Originally posted on The Unpleasant Lair Of Spank The Monkey 01/03/2006.
The British Animation Awards are biennial affairs, so we're due another round of them very soon - expect a report on here, eventually. In the meantime, the shortlisted candidates for the Public Choice award are touring the UK throughout February 2008, and if you're lucky they'll be appearing soon at a cinema near you.
(Is it really two years since I got broadband installed? Funny to see how the idea of watching short films online seemed moderately exotic back then, in those early YouTube days...)
If you've spent any time looking at the festival reviews from London and Edinburgh, you'll know that we love a good bit of animation round these parts. Still, I have to admit I've never done anything like this before. Normally, I'll use a programme of animation shorts as a palate cleanser in the middle of a festival - a bit of bite-sized light relief to contrast with the longer, heavier stuff. But three animation programmes on consecutive nights is uncharted territory even for me. To explain: the British Animation Awards, aside from the official gongs they hand out every two years, also do a Public Choice award. Throughout January and February 2006, a programme of 63 animated shorts toured the arthouse cinemas of Britain, giving audiences the opportunity to vote for their favourites. I suspect this may well be the only site where you can find reviews of all 63 (though some of those reviews will be insultingly brief, I'll warn you now).
Three categories of animated shorts are included in the Public Choice (which is handy for a website with a tripartite page structure, it's true): non-commercial short films, adverts, and music videos. You'd have thought the music videos would provide the most extraordinary sights of this collection: they're made on a substantial budget, to play to an audience that is generally looking for the unusual. In practice, that doesn't stop some of these videos looking rather ordinary. Camera: Out On The Water (Frater Films), for example, unashamedly pushes all the cutesy and jolly buttons in its story of a maggot who escapes the fishhook and goes off exploring. But by the end it's won you over, despite a couple of dull spots. Emiliana Torrini: Heartstopper (David Lea) is less successful, with Torrini acting out the song's lyrics in a puppet show which gradually takes on a life of its own. It's not a particularly new idea: and besides, there seems to be more puppet work than animation here, unless it's really subtle.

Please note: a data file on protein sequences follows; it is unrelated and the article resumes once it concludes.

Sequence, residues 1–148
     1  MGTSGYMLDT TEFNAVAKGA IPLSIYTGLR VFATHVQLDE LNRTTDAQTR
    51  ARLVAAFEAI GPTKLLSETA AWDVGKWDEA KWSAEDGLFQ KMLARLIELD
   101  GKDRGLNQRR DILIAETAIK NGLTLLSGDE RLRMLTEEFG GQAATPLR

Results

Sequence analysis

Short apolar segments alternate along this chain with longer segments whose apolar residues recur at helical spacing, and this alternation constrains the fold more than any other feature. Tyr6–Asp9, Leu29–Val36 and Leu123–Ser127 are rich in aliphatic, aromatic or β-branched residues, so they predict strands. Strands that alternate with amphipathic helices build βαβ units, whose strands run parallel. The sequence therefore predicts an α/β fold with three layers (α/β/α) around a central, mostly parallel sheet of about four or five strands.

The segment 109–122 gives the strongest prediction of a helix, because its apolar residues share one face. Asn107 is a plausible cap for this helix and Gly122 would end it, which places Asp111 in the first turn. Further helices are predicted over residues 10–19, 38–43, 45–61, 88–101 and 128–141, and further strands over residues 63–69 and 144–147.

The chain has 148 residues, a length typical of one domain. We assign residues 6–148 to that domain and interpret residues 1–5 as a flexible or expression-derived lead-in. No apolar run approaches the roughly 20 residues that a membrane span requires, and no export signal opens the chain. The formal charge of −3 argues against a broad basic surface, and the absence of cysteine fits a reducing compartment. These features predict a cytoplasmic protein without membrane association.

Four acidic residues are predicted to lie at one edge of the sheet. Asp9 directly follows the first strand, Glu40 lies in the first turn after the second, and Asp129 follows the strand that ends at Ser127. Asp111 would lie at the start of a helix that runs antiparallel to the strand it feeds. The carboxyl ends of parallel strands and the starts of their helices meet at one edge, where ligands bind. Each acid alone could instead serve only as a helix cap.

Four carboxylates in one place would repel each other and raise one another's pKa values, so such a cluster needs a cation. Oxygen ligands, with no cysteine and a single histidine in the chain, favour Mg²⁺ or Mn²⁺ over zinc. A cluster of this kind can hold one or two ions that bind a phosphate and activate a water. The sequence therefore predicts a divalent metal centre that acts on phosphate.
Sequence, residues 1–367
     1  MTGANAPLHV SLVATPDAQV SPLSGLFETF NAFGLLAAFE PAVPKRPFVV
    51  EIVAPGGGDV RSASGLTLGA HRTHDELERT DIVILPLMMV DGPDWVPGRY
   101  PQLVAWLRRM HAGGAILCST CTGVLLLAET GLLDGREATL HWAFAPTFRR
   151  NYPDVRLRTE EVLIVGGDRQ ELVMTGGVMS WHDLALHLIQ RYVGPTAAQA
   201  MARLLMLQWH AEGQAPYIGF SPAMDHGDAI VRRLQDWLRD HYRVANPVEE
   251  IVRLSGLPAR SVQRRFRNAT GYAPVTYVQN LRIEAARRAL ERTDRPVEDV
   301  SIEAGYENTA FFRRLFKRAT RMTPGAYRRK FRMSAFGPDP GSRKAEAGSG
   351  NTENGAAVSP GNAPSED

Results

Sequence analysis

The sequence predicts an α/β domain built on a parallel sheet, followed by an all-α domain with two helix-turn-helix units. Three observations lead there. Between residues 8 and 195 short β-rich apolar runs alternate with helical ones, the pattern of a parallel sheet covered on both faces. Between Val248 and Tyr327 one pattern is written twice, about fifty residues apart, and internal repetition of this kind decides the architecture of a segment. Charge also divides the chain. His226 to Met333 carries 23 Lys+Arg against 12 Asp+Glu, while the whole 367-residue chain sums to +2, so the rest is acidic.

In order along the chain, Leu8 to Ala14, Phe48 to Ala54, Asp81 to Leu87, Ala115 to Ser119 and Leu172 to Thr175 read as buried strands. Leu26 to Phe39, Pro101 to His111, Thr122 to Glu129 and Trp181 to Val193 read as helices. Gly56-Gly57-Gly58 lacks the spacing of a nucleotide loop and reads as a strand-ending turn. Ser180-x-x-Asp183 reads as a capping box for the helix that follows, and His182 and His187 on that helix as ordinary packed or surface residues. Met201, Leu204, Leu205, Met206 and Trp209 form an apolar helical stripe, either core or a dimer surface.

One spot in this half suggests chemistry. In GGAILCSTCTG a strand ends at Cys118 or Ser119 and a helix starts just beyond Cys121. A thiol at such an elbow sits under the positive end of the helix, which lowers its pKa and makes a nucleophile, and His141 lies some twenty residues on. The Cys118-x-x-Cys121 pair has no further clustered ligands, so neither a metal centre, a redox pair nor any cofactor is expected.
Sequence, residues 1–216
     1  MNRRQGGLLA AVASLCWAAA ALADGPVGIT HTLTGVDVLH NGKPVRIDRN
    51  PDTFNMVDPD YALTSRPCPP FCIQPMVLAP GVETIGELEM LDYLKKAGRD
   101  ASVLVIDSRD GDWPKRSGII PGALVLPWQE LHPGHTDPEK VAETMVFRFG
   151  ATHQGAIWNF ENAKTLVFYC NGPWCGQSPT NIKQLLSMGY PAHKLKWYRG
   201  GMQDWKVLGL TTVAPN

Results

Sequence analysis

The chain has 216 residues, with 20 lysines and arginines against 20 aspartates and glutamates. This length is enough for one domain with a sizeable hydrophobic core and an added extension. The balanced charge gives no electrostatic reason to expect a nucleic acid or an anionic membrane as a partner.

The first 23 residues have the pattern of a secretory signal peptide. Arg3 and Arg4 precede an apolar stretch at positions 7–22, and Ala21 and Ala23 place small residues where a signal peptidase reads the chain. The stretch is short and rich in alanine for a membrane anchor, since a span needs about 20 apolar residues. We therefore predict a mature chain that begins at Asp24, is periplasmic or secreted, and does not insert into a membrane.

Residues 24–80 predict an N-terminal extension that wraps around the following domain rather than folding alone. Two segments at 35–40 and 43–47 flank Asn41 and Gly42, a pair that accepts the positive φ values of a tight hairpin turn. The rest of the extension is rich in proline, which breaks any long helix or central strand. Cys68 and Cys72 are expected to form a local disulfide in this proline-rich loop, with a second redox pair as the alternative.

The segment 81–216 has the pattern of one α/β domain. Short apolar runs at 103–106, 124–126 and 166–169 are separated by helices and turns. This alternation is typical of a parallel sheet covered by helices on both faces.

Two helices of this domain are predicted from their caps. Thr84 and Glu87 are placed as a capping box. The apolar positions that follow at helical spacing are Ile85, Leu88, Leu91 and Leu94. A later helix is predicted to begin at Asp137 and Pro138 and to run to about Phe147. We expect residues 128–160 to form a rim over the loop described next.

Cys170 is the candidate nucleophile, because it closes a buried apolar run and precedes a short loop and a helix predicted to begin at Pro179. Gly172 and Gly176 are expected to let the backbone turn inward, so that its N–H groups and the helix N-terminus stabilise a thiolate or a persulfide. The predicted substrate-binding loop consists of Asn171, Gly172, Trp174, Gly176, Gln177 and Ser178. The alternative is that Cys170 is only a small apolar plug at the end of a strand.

Generally, as you'd expect, we have to turn to the indie sector to find the more experimental videos, two of which played in the Mirrorball programme at Edinburgh last year. Gravenhurst: I Turn My Face To The Forest Floor (Thomas Hicks) is one of them, and after two viewings the quiet drone of the song and the dreamlike imagery of a hellish cinema are stuck in my head - I guess that means it did the job, then. Subtle: Swan Meat (SSSR) was also at Edinburgh, and still fails to convince me, as you spend so much time analysing the technique you barely notice Subtle's glitchy groove. When the same black and white CG cliches turn up in Mum: Will The Summer Make Good For Our Sins (Marc Craste), only with a much less interesting song, you start to wonder: does Adobe Premiere have a special plugin for generating that Floating Greasy Fluff effect that's so popular now?
For all their faults, all three of those videos have a coherent visual scheme that they rigidly stick to. As does the more successful 080 (Dave Watson), which builds with the music from simple flashing lights to a crazed CG music generation machine: the image breaking up as the instrumentation goes into overload, then drops away again. The other option, of course, is to just throw everything at the screen and see what sticks. The Charlatans: Try Again Today (Run Wrake) has lots of ideas, the best of which is having the band members' heads used as bouncing balls over the song lyrics: but it's lost in the clutter alongside the seven or eight other visual riffs the video plays with. Similarly, Audio Bullys: Shot Me Down (Jonas Odell) is a complete mess of treated Nancy Sinatra footage and Dadaist collage work, which is at least justified by the song being a similarly confused collision of styles - that may be the point, but it doesn't make it any easier to look at.